As the story opens, Manolin, the boy, is helping Santiago through his day, even though Manolin's parents disapprove. Manolin has helped Santiago fish in the past, and loves Santiago's skill. They discuss baseball, and then Manolin compliments Santiago:
"Que Va," the boy said. "There are many good fishermen and some great ones. But there is only you."
"Thank you. You make me happy. I hope no fish will come along so great that he will prove us wrong."
"There is no such fish if you are still strong as you say."
(Hemingway, The Old Man and the Sea, Google Books)
Manolin, in typical youthful exaggeration, attributes extraordinary skill to Santiago. Santiago has lost his wife and is alone in the world, and his relationship with Manolin is father-like; he loves Manolin because of the boy's devotion and his efforts to make Santiago's life easier. Of course, the compliments make him emotionally happy as well. However, these lines foreshadow the coming events as Santiago fights the enormous marlin, which almost proves too much to handle; in the end, Manolin's belief in Santiago is not damaged, and he still says that Santiago has proven himself the greatest fisherman of all.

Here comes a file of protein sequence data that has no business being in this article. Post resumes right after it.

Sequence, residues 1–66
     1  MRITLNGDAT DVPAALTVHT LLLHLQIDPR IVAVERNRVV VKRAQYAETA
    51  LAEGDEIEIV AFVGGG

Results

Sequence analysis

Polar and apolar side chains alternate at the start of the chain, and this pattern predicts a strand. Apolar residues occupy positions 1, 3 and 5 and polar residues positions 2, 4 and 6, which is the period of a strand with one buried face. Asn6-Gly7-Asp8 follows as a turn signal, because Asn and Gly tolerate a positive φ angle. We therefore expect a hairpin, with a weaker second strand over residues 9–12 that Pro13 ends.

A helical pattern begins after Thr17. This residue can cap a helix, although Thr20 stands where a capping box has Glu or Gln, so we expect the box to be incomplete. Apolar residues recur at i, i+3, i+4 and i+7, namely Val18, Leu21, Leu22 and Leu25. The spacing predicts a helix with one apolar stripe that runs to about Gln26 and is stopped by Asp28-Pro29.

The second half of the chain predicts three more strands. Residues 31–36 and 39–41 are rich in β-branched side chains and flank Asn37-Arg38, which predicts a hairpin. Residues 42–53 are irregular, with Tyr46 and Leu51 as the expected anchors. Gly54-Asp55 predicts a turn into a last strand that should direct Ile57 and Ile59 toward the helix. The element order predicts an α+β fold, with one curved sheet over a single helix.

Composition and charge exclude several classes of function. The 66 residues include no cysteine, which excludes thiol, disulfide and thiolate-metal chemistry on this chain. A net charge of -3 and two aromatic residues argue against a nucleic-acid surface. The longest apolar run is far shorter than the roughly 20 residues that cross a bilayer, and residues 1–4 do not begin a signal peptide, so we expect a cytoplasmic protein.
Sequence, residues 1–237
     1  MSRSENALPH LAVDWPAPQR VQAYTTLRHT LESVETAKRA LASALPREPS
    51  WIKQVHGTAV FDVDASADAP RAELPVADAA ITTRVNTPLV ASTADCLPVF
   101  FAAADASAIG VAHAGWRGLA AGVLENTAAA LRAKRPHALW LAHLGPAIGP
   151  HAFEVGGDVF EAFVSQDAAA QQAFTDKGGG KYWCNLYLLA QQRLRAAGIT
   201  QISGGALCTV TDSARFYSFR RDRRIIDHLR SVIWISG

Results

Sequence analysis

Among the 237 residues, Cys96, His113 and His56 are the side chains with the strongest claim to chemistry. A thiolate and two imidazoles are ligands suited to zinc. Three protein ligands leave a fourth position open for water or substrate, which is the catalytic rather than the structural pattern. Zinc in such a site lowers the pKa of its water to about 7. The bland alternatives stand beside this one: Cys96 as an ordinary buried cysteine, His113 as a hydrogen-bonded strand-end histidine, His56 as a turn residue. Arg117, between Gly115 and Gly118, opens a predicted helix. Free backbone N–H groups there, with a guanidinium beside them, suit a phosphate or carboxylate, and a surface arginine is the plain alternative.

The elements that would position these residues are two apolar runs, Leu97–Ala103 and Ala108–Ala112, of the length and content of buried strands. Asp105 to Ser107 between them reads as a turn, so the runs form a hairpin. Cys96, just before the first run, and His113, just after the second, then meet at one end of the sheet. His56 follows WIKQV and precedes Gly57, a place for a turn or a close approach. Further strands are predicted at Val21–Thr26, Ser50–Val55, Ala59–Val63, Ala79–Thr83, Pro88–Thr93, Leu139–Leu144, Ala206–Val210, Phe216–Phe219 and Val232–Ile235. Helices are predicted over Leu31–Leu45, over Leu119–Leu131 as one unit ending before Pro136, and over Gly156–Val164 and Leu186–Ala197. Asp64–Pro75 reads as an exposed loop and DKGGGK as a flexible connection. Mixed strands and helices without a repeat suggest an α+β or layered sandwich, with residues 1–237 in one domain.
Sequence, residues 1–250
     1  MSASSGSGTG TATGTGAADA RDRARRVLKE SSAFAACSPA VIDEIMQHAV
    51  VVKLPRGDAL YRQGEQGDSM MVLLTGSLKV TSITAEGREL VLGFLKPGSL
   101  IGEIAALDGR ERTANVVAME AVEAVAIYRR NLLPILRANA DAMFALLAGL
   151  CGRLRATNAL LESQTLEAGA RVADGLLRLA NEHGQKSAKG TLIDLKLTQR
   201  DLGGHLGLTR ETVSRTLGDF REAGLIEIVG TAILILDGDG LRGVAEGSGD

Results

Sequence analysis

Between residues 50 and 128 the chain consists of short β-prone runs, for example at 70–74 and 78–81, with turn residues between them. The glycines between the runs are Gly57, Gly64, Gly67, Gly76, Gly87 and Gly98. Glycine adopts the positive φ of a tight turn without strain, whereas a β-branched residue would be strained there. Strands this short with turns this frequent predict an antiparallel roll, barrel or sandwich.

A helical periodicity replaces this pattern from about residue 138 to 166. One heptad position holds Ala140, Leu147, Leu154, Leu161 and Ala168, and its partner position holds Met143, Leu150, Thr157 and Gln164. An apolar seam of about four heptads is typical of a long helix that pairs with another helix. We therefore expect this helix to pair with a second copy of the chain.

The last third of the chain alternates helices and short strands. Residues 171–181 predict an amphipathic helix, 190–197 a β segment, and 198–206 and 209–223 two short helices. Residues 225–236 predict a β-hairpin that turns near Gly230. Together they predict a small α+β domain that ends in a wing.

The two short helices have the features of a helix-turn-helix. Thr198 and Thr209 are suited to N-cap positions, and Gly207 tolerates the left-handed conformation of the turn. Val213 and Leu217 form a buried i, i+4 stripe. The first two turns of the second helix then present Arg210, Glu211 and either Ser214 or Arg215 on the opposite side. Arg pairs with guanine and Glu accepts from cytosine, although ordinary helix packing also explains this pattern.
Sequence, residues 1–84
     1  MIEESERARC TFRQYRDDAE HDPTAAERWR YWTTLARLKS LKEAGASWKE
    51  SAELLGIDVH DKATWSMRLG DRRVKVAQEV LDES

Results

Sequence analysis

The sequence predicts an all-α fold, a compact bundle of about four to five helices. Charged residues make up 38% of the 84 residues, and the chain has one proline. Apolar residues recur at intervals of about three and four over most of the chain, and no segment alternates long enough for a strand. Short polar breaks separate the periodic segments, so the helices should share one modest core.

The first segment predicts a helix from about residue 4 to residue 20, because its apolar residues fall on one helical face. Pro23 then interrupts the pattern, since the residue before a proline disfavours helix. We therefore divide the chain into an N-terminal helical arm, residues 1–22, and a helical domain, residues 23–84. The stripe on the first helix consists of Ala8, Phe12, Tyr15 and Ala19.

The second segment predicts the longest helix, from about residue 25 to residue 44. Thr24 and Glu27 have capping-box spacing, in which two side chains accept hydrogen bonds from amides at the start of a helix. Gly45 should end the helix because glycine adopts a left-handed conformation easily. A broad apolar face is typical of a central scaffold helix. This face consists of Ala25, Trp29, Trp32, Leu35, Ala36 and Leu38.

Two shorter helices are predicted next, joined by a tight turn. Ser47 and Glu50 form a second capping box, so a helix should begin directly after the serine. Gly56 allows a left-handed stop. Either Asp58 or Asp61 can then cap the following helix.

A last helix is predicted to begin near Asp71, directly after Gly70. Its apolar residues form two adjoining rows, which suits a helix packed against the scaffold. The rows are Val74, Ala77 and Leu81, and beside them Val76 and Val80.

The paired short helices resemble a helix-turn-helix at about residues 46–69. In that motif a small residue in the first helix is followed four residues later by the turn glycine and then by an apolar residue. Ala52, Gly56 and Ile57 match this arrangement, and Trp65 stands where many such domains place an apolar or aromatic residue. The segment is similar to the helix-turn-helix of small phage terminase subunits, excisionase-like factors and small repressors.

In my best recollection, the old man, Santiago, speaks to God throughout his desperate attempt to fight with the fish and the sea creatures as he attempts to bring the fish back to land. He ahs been without a catch for a long time and it is very important that he be able to prove himself a worthy fisherman at least one last time. He has begun to question his own skills.
Santiago has a young man who sees him as the best fisherman in the village and who looks up to him. The boy wants to be just like Santiago and tells him that he hangs with him because he is knowledgeable. However, Santiago tells him over and over again that he has become unlucky.